Charles Komanoff


Exposing an Anti-Wind Fraudster

Below is a letter I sent in 2008 to the publisher of Adirondack Explorer, a magazine plumbing the natural beauty and living culture of upstate New York's Adirondacks region, about anti-wind power charlatan John Droz Jr.
I'm posting it today to provide context to an exposé posted to Twitter of Mr. Droz's ongoing anti-wind propaganda campaign. -- C.K., Nov 2, 2022.

July 11, 2008

Richard Beamish
Adirondack Explorer
36 Church St.
Saranac Lake, NY 12983

Dear Richard --

In the past nine years that my family and I have visited the Adirondacks, first as renters and now as property-owners, we have made excellent use of the Adirondack Explorer. We have relied on the Explorer to plan mountain excursions from our home base in northern Warren County, and we have been unfailingly rewarded with challenging and satisfying hikes. Over our long winters in New York City the Explorer has kept us connected to the North Country -- to the mountains and the people who live in them and care for them.

We also value the Explorer for its sheer excellence. We savor the thoughtful commentary, the spectacular photography, the superb design, the vibrant portraits of individual Adirondackers. Every issue is a treat.

Doubtless many other subscribers feel as we do, and hopefully you hear these sentiments all the time. But they bear repeating -- and especially here, as I write to register my dismay with an article that ran in the July-August Explorer.

I'm referring to the Viewpoints piece by John Droz Jr, "Against the Wind." This article is so misleading, so manipulative, and so destructive that I'm shocked that it made its way into your pages. Its effect on me has been akin to what I might have felt if, as my two sons and I summitted Algonquin Peak last summer, we had been set upon by hordes of ATV'ers who had disgorged from a fleet of helicopters.

Mr. Droz's arguments are easily rebutted, and I do so below. But the damage from his being given the Explorer's prestigious pages to broadcast his propaganda will be harder to repair, though following my rebuttal I offer a suggestion to help you do so.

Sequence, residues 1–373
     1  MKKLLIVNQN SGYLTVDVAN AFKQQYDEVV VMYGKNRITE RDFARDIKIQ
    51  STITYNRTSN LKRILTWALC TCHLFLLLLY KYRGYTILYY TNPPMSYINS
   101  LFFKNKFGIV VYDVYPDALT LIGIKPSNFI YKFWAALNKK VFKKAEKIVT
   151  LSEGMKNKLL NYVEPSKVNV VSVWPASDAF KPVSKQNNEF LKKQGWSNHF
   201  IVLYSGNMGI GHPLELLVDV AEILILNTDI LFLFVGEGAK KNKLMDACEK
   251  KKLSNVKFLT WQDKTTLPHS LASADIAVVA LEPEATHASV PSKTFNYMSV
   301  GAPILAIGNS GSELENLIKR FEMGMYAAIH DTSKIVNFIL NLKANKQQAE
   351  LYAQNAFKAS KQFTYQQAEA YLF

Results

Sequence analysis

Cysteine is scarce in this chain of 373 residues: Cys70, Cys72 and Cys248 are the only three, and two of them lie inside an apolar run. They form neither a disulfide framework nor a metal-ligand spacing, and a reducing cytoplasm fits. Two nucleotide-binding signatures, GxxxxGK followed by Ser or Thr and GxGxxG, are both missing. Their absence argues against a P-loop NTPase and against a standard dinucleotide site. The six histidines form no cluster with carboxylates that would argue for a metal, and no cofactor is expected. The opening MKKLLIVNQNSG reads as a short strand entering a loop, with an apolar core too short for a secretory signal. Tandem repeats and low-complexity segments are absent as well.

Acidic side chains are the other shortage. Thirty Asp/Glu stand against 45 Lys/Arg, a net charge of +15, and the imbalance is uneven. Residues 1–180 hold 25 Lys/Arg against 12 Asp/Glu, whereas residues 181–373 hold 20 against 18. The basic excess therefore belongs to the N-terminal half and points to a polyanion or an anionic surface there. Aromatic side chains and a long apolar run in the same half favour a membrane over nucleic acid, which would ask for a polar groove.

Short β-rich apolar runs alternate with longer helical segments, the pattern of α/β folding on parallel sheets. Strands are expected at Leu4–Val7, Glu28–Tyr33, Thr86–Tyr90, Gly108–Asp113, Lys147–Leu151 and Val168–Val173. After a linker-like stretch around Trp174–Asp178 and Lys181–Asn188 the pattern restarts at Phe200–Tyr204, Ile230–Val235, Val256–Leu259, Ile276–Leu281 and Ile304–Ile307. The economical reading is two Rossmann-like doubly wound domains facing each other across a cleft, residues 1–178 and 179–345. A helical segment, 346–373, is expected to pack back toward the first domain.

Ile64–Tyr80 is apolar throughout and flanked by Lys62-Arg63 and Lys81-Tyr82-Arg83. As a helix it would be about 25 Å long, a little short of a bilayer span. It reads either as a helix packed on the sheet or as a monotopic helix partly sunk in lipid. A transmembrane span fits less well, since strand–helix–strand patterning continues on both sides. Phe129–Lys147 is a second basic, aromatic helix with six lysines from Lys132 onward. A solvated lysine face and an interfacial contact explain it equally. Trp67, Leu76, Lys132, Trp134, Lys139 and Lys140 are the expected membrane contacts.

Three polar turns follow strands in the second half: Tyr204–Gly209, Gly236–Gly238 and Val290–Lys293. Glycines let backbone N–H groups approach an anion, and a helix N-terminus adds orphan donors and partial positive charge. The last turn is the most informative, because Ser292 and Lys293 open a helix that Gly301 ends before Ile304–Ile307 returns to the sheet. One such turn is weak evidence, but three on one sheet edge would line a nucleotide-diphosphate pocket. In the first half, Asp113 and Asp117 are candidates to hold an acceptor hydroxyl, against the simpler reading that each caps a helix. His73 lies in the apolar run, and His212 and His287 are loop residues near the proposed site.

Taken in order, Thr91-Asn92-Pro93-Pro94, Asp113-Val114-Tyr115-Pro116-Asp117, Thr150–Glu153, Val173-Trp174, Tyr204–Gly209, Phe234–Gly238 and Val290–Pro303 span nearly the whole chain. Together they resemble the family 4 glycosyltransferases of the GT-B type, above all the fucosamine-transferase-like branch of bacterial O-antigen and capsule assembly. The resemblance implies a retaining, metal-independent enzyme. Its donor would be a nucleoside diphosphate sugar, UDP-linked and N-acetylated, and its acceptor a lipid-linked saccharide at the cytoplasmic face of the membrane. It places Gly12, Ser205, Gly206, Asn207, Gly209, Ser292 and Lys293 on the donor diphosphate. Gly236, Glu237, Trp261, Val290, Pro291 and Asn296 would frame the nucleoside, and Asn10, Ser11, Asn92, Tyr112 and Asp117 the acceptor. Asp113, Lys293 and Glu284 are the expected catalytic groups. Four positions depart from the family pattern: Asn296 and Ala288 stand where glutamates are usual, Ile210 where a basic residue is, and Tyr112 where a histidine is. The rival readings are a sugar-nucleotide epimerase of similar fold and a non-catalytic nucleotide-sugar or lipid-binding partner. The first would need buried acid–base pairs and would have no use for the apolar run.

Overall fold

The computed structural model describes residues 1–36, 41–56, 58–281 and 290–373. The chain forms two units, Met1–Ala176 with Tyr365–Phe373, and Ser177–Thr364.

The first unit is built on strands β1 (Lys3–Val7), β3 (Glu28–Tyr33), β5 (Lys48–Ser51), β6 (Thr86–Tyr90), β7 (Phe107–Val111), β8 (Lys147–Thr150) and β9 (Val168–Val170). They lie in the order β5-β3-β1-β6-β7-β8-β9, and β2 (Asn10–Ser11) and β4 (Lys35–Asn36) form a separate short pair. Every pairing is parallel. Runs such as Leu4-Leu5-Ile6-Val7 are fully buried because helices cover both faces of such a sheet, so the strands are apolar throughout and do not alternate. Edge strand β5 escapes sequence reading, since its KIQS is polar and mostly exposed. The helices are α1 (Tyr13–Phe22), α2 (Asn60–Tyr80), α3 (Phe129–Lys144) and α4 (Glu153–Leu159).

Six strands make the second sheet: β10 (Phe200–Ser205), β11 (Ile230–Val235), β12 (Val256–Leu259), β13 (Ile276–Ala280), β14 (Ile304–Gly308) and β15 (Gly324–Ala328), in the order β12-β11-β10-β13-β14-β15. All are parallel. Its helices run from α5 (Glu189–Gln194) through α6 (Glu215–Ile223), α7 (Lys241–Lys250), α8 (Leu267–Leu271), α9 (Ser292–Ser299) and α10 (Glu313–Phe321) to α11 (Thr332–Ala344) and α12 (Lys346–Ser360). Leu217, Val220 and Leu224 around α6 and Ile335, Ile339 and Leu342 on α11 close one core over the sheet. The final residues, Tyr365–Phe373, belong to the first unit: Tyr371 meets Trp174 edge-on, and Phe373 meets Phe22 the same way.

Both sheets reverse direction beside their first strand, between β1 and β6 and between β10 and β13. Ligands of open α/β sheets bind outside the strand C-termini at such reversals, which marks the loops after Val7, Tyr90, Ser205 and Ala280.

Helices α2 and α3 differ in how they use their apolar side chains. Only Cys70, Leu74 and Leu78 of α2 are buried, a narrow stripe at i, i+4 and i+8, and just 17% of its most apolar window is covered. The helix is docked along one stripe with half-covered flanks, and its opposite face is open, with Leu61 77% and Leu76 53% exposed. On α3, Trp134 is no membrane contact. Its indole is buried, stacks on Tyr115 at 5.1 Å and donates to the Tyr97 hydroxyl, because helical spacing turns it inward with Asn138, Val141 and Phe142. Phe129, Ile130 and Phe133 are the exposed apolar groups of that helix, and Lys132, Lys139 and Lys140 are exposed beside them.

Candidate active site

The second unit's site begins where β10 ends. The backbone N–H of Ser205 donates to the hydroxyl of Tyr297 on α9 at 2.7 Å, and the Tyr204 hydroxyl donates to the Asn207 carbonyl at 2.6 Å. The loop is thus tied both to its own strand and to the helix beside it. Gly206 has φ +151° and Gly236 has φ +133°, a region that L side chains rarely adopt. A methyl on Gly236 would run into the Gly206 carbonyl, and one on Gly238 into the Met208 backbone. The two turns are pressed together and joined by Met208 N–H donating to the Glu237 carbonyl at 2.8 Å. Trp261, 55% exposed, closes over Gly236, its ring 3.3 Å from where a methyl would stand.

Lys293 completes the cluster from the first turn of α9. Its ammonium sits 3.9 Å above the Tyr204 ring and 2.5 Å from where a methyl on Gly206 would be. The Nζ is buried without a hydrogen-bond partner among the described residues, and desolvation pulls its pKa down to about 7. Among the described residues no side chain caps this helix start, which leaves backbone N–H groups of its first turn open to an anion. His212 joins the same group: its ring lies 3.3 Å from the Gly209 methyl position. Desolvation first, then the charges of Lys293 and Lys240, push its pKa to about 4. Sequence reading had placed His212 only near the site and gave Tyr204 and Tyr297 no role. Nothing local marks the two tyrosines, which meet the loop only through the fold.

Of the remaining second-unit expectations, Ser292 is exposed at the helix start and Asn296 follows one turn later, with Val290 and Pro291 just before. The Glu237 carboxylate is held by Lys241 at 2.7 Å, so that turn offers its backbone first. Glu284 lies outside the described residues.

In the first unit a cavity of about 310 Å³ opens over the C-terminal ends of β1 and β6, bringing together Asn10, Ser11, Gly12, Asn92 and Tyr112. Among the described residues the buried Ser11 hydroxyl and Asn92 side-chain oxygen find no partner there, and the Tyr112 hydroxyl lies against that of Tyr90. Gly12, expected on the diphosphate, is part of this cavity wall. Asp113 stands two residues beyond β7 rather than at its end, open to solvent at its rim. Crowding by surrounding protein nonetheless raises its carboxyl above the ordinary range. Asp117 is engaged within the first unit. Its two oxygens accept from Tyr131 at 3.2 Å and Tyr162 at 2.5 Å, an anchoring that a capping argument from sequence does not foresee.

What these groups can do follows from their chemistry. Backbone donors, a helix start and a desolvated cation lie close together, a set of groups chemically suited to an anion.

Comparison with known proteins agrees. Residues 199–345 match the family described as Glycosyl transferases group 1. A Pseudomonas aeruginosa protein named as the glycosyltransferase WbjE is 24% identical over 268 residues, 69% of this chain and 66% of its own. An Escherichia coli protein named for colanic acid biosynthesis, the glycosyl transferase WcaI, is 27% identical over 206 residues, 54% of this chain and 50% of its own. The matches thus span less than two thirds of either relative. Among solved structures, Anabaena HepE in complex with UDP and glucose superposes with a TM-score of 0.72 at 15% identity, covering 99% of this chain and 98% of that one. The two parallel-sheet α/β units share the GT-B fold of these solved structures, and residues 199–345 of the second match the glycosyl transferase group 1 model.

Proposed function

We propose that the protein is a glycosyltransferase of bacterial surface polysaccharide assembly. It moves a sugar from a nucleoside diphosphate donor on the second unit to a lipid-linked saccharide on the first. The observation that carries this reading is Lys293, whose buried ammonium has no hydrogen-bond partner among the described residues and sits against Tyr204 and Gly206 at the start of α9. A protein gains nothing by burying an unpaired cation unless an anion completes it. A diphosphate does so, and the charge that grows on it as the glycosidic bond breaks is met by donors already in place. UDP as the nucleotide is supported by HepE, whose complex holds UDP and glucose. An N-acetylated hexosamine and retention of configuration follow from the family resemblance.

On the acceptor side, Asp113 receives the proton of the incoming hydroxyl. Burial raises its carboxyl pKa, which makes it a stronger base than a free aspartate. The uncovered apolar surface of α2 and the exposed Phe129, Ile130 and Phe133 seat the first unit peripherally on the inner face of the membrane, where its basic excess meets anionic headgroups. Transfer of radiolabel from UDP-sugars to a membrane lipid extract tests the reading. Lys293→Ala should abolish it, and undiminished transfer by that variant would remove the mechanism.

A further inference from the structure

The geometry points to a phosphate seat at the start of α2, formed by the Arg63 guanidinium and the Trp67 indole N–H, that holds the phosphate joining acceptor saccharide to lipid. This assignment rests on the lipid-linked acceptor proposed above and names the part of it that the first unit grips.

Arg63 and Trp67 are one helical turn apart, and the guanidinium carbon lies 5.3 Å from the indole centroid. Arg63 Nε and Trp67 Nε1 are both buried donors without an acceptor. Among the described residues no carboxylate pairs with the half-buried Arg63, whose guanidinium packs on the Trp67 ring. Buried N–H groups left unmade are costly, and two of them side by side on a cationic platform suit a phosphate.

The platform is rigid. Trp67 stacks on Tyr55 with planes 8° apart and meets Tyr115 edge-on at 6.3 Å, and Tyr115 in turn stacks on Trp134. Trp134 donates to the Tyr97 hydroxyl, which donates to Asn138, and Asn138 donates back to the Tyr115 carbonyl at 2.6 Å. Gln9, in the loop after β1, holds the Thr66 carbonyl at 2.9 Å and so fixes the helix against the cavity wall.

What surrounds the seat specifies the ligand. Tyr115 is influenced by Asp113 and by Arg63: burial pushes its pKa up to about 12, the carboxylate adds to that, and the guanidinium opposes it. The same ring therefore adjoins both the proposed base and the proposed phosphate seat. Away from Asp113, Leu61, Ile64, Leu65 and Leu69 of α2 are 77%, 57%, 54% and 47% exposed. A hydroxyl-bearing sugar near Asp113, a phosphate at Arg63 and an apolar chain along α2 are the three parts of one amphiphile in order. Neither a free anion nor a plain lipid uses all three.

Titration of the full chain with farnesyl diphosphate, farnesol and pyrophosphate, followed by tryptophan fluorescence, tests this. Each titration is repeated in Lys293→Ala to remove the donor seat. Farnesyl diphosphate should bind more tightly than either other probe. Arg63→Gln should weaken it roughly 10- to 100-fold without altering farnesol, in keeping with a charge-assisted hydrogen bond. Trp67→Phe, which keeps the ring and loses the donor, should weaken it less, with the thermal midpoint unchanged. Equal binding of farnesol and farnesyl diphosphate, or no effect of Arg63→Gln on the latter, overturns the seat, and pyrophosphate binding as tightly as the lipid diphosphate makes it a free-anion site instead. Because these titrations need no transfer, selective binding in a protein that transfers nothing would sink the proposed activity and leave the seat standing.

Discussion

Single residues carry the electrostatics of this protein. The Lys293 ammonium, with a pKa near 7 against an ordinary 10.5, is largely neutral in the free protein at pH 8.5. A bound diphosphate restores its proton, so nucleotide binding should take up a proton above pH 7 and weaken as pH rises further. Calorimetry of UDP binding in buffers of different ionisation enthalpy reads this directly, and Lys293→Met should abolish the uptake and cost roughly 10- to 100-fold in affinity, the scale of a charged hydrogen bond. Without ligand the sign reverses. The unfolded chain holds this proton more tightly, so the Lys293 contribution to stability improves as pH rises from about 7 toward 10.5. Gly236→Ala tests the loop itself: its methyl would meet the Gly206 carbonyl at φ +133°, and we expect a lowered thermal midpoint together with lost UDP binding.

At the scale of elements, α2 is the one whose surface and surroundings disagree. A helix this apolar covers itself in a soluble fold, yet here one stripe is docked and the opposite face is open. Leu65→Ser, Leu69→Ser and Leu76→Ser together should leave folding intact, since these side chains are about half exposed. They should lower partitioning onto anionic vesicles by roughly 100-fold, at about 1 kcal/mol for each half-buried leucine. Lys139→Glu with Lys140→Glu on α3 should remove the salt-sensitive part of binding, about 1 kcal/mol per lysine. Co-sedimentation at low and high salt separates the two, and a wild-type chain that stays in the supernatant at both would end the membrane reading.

Droz outlines his argument as follows:

For a "renewable" source [such as wind turbines] to make a meaningful impact on our energy and climate problems, it must: (1) be able to provide base-load (and related) power, (2) make financial sense on its own, and (3) not cause environmental destruction.

This passage is a classic "straw man." None of Droz's three conditions are necessary for wind power to be meritorious in terms of environmental, energy and economic impacts. A more reasonable construct would be this:

For a "renewable" source [such as wind turbines] to make a meaningful impact on our energy and climate problems, it must: (1) substitute for fossil fuels that would otherwise generate equivalent electricity, and (2) make financial sense when its subsidies and "externality costs" (pollution) and those of competing sources are accounted for.

(Note I have dispensed with Droz's third criterion since it is subsumed in the first.)

The first criterion is the critical one. If wind turbines don?t displace fossil fuels, then their value is indeed minimal. Conversely, if wind turbines do substitute for coal, oil or natural gas that would otherwise have had to be used to generate the electricity that the wind turbines produce, then they are contributing directly to mitigating climate damage since it is the burning of these fuels that principally causes global warming.

Droz wrote in his article:

... when adding wind power to the grid, backup from conventional sources (like coal and nuclear) must still be built. Even in the short term, the complexity of nuclear and coal-fired power plants means they cannot simply be "turned down" when wind power is available. The net result: cuts in emissions of carbon dioxide, the main cause of global warming, are small (emphasis added).